“Tokyo Tale” has a quirky origin story. “On the road, I always bring a keyboard with me that I have in my hotel room, to practice, write and work,” Ferrante said. “Oftentimes, we’re jet-lagged when we’re traveling internationally. So, I remember being in Japan one night. I woke up at two o’clock in the morning. I was supine. I was on my back with my keyboard, and I just heard this little question and answer between the bass and the chords. So, I started working it out that night and subsequently I made a little memo of the idea.”

Mintzer’s arrangement of the complex “Tokyo Tale” provides space for WDR Big Band member Paul Heller’s knotty tenor saxophone solo—illustrating the conductor’s willingness to share the spotlight.

All the members of Yellowjackets have had previous experience working with big bands—but none more than Mintzer, who has led his own namesake large ensemble and written or arranged hundreds of charts for big-band instrumentation.

Ferrante jokingly contrasted his level of arranging experience with that of his bandmate.

“Bob writes the music in such a way that the band can really grasp it, and he knows what works for a big band,” Ferrante explained. “That’s like the opposite of me, because I don’t have that much experience doing it. I remember the first big-band arrangement I ever wrote was for the GRP All-Star Big Band. This was, you know, more than 20 years ago. After rehearsing my tune, we were taking a break and [saxophonist] Tom Scott was walking out and just muttering, under his breath, ‘These experimental arrangers are murder on the band.’”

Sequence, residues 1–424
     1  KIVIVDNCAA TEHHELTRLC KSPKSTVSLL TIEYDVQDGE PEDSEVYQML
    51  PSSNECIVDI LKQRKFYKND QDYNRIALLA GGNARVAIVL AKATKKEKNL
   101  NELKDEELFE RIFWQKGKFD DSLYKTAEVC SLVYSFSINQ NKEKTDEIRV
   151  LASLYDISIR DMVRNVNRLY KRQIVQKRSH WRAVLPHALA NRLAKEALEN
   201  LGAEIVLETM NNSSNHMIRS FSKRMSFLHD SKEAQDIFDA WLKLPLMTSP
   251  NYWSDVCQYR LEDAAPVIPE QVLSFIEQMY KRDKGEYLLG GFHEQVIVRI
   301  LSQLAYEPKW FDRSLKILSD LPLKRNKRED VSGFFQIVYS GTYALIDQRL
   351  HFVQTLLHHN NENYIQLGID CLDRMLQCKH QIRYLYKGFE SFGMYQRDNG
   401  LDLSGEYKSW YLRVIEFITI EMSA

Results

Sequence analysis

That anecdote prompted an eruption of laughter during the Zoom chat, followed by a flurry of comments in which Ferrante’s bandmates complimented him on his skills as an arranger.

Prior to the pandemic, Mintzer had planned to have Yellowjackets and the WDR Big Band perform some of the Jackets XL material together in concert. Such a production will have to wait until another day, when large gatherings are more feasible.

In the meantime, Mintzer is teaching classes online at USC’s Thornton School of Music, which also boasts Ferrante and Kennedy as faculty members.

Mintzer described some benefits of having three bandmates teach at the same prestigious institution. “Will and Russ are fantastic musicians and wonderful teachers,” he said. “And there’s the opportunity for students to get a glimpse at a longstanding ensemble: What are the inner components for the success of this band? How is the music developed? What are the relationships like?

“It’s a huge window into the world that these students are aspiring to enter. We were supposed to start a band-in-residence [project at USC] this year, but COVID derailed that,” he added. “Hopefully, once things clear up a little bit, we’ll revisit that.” DB

This story originally was published in the January 2021 issue of DownBeat. Subscribe here.




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Julian Lage